The Grapes of Cash: How to Secure a Winery

Wineries have grown by a third this decade, offering a potentially untapped security opportunity. Find out how to uncork this lucrative niche.

The Grapes of Cash: How to Secure a Winery

A longtime favorite of societies as ancient as the Greek and Roman empires, wine remains a mainstay in the modern diet for many U.S. adults. In recent years, consumption has soared to new heights and to keep up with demand new wineries are opening across the country.

According to Statista, the number of wineries in the United States has grown from 6,357 to 9,654 in the past nine years — a rate of more than 50%. This growing market represents many hidden opportunities for security professionals.

If you pay close attention to the operational needs of these passionate entrepreneurs and driven corporate entities, you might see many places your company can offer valuable solutions.

As any wine fanatic worth their weight in grapes can tell you, it takes tremendous effort and dedication to produce quality wines. Winemakers must closely monitor their crops, keep track of temperatures during fermentation, handle business operations and entertain guests who come to sample the fruits of their labor.

The whole process is intentional, with hardly any room for error making control and reliability top priorities. At the same time, an inviting atmosphere is crucial for maintaining a favorable image to guests, meaning it would be undesirable to have shoddy craftsmanship or make poor aesthetic choices on the property. Let’s take a closer look at security for wineries.

Toast-Worthy Project

If you’re noticing where professional security services might be helpful to this demographic, it might also be worth noting that your expertise — whether you’ve focused on residential or commercial won’t hold you back from breaking into this market.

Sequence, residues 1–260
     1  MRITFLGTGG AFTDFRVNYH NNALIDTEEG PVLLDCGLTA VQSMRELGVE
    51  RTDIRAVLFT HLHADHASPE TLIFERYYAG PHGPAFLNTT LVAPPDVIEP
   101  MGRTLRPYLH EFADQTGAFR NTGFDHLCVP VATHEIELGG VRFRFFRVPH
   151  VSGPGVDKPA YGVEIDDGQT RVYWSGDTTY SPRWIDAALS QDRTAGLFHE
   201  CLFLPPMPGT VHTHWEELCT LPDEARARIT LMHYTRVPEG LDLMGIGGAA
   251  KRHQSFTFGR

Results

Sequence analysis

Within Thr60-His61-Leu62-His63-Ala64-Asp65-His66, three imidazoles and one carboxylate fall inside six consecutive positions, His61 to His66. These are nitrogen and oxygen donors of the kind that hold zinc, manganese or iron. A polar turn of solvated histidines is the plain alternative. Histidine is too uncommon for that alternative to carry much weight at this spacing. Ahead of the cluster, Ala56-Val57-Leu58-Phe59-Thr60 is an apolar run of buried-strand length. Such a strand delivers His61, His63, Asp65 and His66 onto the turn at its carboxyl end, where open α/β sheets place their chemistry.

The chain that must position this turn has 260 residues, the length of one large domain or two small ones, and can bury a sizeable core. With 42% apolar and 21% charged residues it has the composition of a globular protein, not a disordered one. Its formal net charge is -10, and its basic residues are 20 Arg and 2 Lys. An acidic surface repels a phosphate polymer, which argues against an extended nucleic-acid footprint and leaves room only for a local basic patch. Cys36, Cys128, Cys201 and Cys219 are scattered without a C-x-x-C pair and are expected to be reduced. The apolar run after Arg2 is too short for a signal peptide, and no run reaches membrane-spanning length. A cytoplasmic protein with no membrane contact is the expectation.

According to Chuck Petrusha, President and CEO of Advanced Security Systems, an Electronic Security Association (ESA) member based in Eureka, Calif., the needs of every winemaker will be different.

“I wouldn’t put the winemakers in a box, because they’re as different as the brands on the shelf. If I were to categorize them as a whole, I would say they’re a cross-section between a farmer, an entrepreneur and an artist,” says Petrusha. His company, which operates in multiple locations in Northern California, provides a range of security services to corporate, hobbyist and boutique wineries.

Petrusha and his team recently finished a full-scale integration project for Merry Edwards Winery, a boutique vendor in Sebastopol, Calif.

“We put in a full-scale access control system, a multipartitioned security system, a code-compliant fire alarm system and a complete surveillance system — and integrated all those,” says Petrusha. “We also do off site monitoring of some of their environmental controls for the different components of the winemaking process, to track things like high and low temperatures.”

Petrusha says the project took a little more than a year to complete because his team had the unique opportunity to be involved in the planning phase of the facility.

“When we first started, it was all blueprints. We went in with an open mind, listened to what their concerns were and described the benefits [of what we were offering],” he says.

His team walked the customer through the requirements for the facility, such as what was necessary to meet fire codes, and used that as an easy way to start the conversation about other integrated systems.

“They had really no concept of what they wanted at first. Some of the folks had not operated an alarm system in the past … so we basically took them through how they were going to operate all of it,” adds Petrusha.